“People knew him as a great musician, a songwriter, a guitarist, but he was also a poet,” Starr said of his friend, who died in a car crash in 1977. “And he was really proud of that.
“He was always telling me that he was the Number One selling poet in Britain. In fact, his poetry was as important to him as his music. He had great style and was really unlike anyone else I have ever met.
Ringo added: “He was a great performer, just incredible. And that’s why I called the film we did together Born to Boogie, because he really was. I told Marc, I’ll bring the camera and everything else, you just bring yourself. We had a lot of fun together. I remember lots of laughter.
“We lost him way too young, but in his short life, he made over 12 albums that are as far out and ahead of their time as he was. With the help of [producer] Tony Visconti and his band T. Rex, Marc’s style started a lot of trends. They called it glam rock with singles such as ‘Get It On’, ‘Children of the Revolution’, and, of course, ‘Born to Boogie’.”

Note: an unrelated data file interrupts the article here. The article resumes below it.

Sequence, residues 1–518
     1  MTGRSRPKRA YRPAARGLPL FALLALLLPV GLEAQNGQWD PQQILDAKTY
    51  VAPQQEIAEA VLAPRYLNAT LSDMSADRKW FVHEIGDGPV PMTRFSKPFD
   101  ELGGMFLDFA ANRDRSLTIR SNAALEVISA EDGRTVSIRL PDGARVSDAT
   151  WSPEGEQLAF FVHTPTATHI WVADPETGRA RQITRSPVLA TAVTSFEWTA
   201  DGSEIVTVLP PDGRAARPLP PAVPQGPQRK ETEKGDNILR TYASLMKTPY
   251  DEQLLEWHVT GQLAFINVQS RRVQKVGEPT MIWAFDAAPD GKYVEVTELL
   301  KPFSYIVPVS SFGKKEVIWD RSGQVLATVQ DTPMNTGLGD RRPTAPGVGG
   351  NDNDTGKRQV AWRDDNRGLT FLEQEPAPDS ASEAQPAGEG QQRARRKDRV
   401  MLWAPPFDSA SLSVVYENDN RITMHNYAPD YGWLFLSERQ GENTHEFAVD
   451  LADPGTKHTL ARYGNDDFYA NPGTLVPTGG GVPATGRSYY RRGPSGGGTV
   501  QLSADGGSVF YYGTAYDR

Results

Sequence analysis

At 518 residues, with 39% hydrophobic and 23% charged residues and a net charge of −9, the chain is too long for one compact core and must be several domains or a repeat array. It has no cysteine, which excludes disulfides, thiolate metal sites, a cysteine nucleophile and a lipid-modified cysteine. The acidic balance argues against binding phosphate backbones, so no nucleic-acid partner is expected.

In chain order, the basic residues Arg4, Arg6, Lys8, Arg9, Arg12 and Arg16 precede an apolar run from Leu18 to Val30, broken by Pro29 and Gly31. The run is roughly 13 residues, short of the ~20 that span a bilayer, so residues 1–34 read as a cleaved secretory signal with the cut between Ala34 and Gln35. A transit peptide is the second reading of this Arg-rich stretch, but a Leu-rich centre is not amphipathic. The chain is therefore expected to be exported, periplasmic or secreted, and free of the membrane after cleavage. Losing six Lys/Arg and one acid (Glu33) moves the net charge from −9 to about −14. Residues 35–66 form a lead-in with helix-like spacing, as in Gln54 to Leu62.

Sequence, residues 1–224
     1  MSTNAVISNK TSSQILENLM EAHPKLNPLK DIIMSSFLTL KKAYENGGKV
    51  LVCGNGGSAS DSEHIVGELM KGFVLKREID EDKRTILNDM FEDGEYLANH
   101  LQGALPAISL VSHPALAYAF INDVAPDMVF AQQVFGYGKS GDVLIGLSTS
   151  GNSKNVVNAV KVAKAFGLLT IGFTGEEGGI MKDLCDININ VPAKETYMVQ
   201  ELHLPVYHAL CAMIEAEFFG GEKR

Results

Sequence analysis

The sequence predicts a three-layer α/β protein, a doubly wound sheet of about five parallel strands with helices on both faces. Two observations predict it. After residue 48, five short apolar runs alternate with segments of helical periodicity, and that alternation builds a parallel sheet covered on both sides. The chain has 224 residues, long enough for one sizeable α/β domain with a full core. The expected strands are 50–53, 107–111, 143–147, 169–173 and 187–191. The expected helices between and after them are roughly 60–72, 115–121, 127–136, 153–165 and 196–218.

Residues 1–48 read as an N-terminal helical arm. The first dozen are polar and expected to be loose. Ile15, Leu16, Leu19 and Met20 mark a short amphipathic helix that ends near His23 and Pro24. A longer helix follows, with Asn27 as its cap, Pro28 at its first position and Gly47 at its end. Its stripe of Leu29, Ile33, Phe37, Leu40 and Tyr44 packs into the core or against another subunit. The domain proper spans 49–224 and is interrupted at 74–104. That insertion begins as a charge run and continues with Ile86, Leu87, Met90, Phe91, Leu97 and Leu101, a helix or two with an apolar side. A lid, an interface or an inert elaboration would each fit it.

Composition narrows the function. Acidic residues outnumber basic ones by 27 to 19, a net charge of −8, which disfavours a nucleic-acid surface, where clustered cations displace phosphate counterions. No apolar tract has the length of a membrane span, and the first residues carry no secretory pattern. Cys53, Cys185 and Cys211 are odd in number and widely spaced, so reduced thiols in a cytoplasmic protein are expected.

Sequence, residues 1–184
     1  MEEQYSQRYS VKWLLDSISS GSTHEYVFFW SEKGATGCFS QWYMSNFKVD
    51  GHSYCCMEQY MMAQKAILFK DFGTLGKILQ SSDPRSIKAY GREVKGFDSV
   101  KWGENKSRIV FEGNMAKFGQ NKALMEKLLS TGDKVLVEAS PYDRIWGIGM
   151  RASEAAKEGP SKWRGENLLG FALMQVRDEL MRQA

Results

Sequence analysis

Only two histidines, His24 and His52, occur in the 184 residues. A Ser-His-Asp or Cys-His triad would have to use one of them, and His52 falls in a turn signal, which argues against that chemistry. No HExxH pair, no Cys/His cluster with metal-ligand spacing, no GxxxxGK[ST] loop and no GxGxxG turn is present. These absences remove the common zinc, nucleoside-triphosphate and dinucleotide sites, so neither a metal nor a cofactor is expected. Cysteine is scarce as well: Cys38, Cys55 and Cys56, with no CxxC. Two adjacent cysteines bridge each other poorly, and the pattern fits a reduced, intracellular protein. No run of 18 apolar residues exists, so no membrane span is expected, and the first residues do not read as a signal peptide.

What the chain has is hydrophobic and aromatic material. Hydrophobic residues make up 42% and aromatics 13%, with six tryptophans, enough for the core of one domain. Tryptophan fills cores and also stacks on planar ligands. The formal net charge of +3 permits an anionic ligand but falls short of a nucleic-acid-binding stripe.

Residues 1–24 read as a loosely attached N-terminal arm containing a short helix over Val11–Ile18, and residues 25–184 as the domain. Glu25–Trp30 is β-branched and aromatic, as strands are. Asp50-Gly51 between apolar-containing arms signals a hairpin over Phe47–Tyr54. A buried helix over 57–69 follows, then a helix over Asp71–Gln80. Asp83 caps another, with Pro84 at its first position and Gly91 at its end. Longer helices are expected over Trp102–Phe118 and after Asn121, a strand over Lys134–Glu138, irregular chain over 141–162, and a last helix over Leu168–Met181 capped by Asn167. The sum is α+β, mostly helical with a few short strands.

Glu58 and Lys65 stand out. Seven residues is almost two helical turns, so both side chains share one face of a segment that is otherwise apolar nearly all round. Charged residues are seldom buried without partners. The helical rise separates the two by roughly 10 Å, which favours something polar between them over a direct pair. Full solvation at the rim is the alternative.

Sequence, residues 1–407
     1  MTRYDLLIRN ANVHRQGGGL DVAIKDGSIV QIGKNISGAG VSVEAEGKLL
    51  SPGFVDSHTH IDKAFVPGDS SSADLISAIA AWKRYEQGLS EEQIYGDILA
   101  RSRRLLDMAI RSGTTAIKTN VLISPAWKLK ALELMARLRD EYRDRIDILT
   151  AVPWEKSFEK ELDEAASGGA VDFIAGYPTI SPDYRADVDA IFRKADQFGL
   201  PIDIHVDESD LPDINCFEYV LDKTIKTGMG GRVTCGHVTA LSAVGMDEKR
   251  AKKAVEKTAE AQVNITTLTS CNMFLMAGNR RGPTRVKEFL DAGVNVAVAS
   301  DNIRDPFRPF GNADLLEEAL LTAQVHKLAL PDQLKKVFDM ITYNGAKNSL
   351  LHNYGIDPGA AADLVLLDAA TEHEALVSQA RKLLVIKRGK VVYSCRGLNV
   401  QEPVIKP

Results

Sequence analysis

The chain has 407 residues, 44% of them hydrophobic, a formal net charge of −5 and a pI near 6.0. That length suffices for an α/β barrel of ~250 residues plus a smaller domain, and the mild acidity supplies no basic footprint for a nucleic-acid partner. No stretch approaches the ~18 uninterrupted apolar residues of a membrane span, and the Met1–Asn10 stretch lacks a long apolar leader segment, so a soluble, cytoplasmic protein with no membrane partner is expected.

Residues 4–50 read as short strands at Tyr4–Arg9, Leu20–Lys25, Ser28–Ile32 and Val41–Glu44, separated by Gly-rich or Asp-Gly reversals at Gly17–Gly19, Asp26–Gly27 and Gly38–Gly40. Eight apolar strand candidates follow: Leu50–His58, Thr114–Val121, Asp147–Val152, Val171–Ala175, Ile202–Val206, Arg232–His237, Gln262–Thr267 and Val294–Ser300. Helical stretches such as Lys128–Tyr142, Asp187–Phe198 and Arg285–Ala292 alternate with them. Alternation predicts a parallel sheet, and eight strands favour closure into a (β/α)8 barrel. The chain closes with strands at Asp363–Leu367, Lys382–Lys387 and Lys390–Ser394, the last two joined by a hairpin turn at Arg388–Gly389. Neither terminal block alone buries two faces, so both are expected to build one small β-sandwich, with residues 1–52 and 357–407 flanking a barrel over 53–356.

Starr’s speech concluded: “But it was always just great music to me. And that’s why people are still listening to T. Rex today. There’s no doubt they believe in the Rock and Roll Hall of Fame — finally. And I’m very proud to welcome them in right now. Peace and love to [T. Rex members] Marc, Mickey, Steve, and Bill, and peace and love to all the fans from me and T. Rex. Peace and Love.”
When Bolan’s induction into the Hall of Fame was announced back in January, his former girlfriend and bandmate Gloria Jones discussed what she feels it would have meant to him.
“He would have said, ‘It’s about time!’” Jones joked in an interview with Billboard, before adding: “He was a very humble spirit, but he understood who he was. He understood his worth.”
Earlier this year, a Marc Bolan tribute album ‘AngelHeaded Hipster’ was released. Included on the album are Nick Cave’s stripped-back cover of ‘Cosmic Dancer’, Peaches’ version of ‘Solid Gold, Easy Action’, and Kesha’s take on classic ‘Children Of The Revolution’.
The album also includes contributions from U2, Elton John, Joan Jett and more. It was produced by the late Hal Willner, who died in April.